Senator Linda R. Greenstein introduced S3019 on Feb. 27, 2017, a bill that would establish “additional requirements for operation and oversight of animal shelters, pounds, kennels operating as shelters or pounds, and veterinary holding facilities.”
The bill creates liabilities for veterinarians who provide certain critical services to municipalities. If enacted, it is unclear why veterinarians would expose themselves to such liability. Therefore, critical services currently provided by these veterinarians to communities could place both people and animals at unnecessary risk.
The following provisions are of greatest concern:
The bill defines “veterinary holding facilities” as “any facility owned or operated by a veterinarian, veterinary hospital, clinic, veterinary boarding facility, or similar facility that houses stray, surrendered, or otherwise impounded animals as a boarding agent or holding facility for an animal control provider, the New Jersey Society for the Prevention of Cruelty to Animals or any of its humane law enforcement officers or agents, a county society for the prevention of cruelty to animals or any of its humane law enforcement officers or agents, or local law enforcement.”
If an animal control officer, an agent of the NJSPCA or a country SPCA, or a professional law enforcement officer brings an animal in need of veterinary medical care to a veterinarian for emergency care, that veterinarian is required to provide such care. See N.J.A.C. 13:44-4.7. If part of that care requires short or long-term housing for that animal, the veterinarian could be defined as a “veterinary holding facility” which then qualifies that facility as an “animal holding facility.” S3019 would require each animal holding facility, including a veterinary holding facility to:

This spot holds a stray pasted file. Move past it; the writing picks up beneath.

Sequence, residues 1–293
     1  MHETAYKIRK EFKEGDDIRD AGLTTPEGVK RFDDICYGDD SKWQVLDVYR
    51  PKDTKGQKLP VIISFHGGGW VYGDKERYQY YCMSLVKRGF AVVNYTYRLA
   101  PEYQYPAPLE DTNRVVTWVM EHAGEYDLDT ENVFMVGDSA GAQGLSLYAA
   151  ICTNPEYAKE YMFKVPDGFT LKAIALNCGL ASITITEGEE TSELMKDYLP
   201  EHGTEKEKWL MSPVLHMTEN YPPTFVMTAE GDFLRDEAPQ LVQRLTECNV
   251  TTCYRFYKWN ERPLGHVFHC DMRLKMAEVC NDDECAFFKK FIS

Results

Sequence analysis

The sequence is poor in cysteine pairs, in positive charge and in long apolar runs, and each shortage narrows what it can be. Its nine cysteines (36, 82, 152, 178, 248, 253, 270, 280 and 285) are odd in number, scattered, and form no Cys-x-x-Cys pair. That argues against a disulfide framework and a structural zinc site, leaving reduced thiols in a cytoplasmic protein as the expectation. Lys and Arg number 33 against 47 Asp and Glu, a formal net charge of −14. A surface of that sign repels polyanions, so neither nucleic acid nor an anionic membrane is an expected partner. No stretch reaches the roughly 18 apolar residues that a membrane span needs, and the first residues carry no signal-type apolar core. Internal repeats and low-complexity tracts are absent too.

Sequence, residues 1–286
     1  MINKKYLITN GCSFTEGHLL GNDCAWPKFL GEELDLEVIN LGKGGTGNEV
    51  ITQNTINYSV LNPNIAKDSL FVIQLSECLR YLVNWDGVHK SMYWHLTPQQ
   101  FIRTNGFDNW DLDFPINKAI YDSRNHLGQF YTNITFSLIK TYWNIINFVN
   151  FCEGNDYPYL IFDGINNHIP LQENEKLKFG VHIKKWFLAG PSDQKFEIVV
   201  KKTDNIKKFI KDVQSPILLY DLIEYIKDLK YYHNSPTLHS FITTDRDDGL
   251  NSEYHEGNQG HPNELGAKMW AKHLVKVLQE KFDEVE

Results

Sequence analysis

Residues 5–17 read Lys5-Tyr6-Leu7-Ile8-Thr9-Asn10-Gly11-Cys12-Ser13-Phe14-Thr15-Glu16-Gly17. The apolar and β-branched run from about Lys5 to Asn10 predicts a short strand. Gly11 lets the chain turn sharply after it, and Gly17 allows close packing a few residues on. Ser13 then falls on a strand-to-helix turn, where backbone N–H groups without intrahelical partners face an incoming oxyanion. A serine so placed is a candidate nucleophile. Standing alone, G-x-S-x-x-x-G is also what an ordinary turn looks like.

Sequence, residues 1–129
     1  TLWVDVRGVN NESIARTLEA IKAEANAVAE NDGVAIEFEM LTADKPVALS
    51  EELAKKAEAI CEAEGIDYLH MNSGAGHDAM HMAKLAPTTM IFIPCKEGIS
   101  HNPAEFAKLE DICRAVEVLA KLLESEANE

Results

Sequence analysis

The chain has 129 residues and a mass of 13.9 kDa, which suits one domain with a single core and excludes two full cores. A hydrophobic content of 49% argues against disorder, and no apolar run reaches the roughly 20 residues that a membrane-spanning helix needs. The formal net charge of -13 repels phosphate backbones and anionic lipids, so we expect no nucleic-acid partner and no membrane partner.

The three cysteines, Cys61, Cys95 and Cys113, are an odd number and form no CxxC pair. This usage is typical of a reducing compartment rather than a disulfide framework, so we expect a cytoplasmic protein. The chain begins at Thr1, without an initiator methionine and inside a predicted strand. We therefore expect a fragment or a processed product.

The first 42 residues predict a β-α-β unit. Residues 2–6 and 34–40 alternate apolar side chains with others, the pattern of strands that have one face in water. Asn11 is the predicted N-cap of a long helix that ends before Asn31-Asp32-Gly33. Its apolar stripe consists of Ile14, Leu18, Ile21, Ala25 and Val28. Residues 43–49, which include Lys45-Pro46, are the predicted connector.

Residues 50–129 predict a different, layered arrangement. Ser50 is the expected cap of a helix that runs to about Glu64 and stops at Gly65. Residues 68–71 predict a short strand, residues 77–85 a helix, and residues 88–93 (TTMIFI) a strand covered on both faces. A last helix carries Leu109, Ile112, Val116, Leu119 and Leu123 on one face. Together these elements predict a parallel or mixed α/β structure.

- provide specific vaccinations to each animal in the facility;*
- apply for a pound license from the municipality in which it operates;
- employ a properly trained and certified director of the facility; and
- establish specific hours of operation during which time they must be open to the public.
This bill would expose veterinarians to liability for serving their communities by providing care to abandoned, injured, and rescued animals they treat on an emergent basis. Many of these provisions are not appropriate and are unnecessary for veterinary facilities which are governed by statutes and regulations enforced by the State Board of Veterinary Medicine Examiners which “supervise[s] the practice of veterinary medicine, surgery and dentistry; ensure[s] that veterinary medicine is performed in a manner consistent with acceptable medical and ethical standards; and adjudicate[s] consumer complaints against licensees.”
These provisions of S3019, while well-meaning, should be amended.
*While vaccination generally should be required in animal facilities, it is unwise to require specific vaccines in statutes or regulations, since recommendations change over time, as informed by advances in veterinary medicine. Instead, laws should incorporate by reference recommendations from appropriate veterinary associations such as the American Animal Hospital Association.